Here is a poignant story of a soviet boy’s ascent into manhood, and his extraordinary affection for his mysterious grandmother, carefree, who captivates him with vivid stories of her childhood in France—a distant country far more elegant, and stimulating than Russia in the 1970s and ’80s. This epic tale is full of tenderness and passion, pain and heartbreak; mesmerizing, in every way.
A major novel. Victor brombert, the New York Times Book Review. Winner of the prix goncourt and prix médicis: “One of the great novels of this century” Donald Newlove, The Philadelphia Inquirer. Skillfully constructed and elegantly written . . . Hailed as extraordinary from coast to coast, this bestselling novel by National Book Critics Circle Award finalist Andreï Makine traces a sentimental journey that embraces many of the dramatic events in Russia during the twentieth century.
Night Train to Lisbon
The bestselling novel of love and sacrifice under fascist rule, and “a treat for the mind. One of the best books I have read in a long time” Isabel Allende. Raimund gregorius, a professor of dead languages at a Swiss secondary school, lives a life governed by routine. A meditative, deliberate exploration of loneliness, language and the human condition” The San Diego Union-Tribune, Night Train to Lisbon “calls to mind the magical realism of Jorge Amado or Gabriel Garcia Marquez .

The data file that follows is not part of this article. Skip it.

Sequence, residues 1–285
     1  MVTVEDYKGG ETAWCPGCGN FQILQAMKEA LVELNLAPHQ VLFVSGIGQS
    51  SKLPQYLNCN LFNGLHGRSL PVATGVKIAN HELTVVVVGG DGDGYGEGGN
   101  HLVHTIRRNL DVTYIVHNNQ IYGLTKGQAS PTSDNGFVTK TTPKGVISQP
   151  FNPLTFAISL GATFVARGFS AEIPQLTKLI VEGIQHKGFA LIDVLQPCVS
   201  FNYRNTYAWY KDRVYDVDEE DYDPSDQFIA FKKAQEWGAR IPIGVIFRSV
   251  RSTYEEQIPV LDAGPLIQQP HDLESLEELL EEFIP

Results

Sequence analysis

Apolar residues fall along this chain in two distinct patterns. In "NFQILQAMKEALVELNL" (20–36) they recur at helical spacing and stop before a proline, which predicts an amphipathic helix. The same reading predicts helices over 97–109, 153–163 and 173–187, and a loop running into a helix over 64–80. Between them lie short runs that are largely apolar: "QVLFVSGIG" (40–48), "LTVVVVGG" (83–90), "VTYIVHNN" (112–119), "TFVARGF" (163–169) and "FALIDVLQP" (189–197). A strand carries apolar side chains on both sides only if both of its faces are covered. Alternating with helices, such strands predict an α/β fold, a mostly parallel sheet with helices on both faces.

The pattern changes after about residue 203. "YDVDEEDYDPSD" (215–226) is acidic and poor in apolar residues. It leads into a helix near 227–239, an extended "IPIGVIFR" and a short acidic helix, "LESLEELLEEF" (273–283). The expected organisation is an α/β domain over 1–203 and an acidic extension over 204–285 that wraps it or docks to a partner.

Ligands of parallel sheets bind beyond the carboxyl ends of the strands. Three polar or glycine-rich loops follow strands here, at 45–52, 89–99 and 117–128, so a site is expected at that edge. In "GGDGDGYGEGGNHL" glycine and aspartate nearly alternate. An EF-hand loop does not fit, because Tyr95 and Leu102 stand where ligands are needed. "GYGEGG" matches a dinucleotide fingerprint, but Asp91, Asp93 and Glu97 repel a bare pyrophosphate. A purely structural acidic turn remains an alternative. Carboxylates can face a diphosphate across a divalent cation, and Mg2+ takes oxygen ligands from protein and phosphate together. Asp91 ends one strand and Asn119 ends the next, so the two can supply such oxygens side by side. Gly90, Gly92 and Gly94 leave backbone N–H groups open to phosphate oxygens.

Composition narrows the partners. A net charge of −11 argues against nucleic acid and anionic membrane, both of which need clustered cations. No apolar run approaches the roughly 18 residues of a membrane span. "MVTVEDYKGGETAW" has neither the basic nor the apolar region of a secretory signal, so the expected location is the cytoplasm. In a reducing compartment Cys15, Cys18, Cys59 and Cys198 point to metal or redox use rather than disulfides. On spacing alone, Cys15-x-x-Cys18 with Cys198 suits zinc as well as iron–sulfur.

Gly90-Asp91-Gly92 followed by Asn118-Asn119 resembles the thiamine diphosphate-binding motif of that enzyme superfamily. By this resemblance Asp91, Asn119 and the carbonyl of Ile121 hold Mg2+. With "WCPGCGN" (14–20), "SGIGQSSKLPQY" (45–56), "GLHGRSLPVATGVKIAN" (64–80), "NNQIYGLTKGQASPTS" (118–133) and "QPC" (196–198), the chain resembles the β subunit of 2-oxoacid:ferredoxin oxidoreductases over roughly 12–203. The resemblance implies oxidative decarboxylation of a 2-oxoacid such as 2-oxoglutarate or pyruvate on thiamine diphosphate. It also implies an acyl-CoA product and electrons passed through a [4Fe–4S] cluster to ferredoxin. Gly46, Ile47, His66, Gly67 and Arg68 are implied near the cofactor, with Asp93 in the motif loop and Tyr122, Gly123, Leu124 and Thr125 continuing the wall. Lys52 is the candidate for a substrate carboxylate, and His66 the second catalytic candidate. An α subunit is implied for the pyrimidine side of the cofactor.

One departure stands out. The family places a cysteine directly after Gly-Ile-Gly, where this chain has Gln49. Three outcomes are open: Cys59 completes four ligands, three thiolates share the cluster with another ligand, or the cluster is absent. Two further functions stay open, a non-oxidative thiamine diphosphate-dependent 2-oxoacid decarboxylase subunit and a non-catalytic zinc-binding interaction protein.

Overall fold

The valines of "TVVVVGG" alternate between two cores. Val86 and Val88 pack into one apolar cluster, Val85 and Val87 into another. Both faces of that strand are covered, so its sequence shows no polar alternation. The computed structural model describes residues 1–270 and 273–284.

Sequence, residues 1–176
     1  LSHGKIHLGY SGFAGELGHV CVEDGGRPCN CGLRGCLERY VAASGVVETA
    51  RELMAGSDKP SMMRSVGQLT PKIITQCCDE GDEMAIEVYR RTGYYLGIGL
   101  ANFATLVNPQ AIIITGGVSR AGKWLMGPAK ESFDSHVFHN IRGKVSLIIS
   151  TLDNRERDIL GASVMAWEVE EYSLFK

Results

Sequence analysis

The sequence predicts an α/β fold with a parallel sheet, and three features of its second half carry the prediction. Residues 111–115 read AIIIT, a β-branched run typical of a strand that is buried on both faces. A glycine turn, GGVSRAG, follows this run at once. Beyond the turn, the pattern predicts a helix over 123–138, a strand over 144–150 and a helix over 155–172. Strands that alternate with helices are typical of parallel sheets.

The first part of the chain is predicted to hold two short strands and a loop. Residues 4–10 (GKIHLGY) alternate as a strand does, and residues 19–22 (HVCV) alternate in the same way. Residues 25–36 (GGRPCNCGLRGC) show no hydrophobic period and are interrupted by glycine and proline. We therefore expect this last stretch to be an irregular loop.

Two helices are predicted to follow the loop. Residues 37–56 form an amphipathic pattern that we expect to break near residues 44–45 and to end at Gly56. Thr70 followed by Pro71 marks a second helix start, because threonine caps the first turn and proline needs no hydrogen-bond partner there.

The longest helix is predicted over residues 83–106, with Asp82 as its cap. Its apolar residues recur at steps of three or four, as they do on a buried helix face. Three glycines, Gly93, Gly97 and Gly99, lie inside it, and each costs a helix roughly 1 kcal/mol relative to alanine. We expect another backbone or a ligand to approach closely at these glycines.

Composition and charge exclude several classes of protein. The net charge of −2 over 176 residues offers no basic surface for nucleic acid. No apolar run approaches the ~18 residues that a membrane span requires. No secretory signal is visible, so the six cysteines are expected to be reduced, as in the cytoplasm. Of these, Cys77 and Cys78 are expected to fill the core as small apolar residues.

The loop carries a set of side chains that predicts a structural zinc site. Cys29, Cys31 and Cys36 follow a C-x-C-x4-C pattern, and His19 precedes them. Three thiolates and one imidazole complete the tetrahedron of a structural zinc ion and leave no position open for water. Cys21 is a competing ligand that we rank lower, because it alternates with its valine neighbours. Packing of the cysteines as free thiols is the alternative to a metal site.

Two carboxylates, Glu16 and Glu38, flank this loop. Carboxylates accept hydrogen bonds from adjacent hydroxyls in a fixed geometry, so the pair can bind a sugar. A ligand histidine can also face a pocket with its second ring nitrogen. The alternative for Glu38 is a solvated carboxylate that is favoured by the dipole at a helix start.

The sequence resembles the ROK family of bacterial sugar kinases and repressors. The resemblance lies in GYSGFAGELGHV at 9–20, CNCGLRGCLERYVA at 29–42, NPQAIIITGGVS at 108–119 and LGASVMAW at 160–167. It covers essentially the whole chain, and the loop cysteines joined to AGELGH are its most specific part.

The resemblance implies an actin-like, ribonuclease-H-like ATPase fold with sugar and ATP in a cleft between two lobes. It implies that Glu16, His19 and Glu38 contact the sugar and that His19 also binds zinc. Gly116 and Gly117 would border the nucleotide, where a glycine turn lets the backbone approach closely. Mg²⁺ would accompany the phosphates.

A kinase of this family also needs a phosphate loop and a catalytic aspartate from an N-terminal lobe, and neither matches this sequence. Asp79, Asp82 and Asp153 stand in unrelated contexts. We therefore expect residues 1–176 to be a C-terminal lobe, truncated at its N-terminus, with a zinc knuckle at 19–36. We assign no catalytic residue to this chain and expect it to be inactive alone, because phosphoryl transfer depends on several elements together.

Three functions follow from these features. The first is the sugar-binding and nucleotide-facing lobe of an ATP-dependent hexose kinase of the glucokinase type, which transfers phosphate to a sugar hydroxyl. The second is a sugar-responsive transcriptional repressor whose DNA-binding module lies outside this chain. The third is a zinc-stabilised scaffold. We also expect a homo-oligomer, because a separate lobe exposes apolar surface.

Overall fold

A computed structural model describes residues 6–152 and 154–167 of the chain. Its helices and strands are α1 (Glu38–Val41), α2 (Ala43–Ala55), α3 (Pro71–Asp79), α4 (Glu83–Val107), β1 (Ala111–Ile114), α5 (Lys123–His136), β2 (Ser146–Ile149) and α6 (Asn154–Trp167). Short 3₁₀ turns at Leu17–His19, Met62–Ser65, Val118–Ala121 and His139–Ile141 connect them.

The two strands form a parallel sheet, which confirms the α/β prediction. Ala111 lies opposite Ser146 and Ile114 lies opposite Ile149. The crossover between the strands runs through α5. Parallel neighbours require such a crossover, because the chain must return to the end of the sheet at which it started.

. . The closer raimund comes to the truth of prado’s life, and eventual fate, working in utmost secrecy to fight dictatorship, an extraordinary tale takes shape amid the labyrinthine memories of Prado’s intimate circle of family and friends, and the betrayals that threaten to expose them. Night train to lisbon was adapted into bille august’s award-winning 2013 film starring Jeremy Irons, Lena Olin, Christopher Lee, and Charlotte Rampling.
Then, an enigmatic portuguese woman stirs his interest in an obscure, and mind-expanding book of philosophy that opens the possibility of changing Raimund’s existence. Raimund, now obsessed with unlocking the mystery behind the man, is determined to meet all those on whom Prado left an indelible mark.